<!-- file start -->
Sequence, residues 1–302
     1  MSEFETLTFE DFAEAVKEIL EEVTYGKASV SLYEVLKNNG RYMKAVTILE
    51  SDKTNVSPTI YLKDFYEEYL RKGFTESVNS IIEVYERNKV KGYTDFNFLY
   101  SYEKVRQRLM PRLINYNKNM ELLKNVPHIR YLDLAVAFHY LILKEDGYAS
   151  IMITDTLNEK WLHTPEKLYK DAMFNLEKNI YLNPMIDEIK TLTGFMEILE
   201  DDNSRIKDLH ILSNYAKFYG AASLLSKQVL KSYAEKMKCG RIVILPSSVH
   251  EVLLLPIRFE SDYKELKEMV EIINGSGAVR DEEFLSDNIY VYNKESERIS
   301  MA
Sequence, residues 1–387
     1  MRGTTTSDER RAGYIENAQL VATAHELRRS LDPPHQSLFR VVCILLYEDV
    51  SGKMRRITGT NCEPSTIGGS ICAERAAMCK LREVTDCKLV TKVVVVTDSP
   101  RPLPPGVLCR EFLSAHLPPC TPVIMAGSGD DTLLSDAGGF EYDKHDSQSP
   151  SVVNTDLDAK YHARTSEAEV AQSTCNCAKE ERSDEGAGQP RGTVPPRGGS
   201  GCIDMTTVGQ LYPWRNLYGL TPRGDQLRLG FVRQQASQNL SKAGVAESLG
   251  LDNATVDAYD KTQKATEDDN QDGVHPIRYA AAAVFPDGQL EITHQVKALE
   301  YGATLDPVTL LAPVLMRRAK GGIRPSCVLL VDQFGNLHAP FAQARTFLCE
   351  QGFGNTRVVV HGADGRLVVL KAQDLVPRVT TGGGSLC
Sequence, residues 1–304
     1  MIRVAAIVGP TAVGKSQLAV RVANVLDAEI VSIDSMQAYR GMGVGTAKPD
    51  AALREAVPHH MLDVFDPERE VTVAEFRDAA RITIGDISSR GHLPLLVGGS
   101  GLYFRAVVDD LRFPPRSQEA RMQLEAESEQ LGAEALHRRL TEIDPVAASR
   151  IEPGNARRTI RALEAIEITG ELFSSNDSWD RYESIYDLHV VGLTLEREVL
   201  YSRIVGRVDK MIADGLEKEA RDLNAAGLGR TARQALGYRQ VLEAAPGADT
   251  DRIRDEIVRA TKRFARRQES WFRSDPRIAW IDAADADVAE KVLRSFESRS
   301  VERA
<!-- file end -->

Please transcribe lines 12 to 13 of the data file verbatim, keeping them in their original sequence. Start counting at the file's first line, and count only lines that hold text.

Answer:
   101  RPLPPGVLCR EFLSAHLPPC TPVIMAGSGD DTLLSDAGGF EYDKHDSQSP
   151  SVVNTDLDAK YHARTSEAEV AQSTCNCAKE ERSDEGAGQP RGTVPPRGGS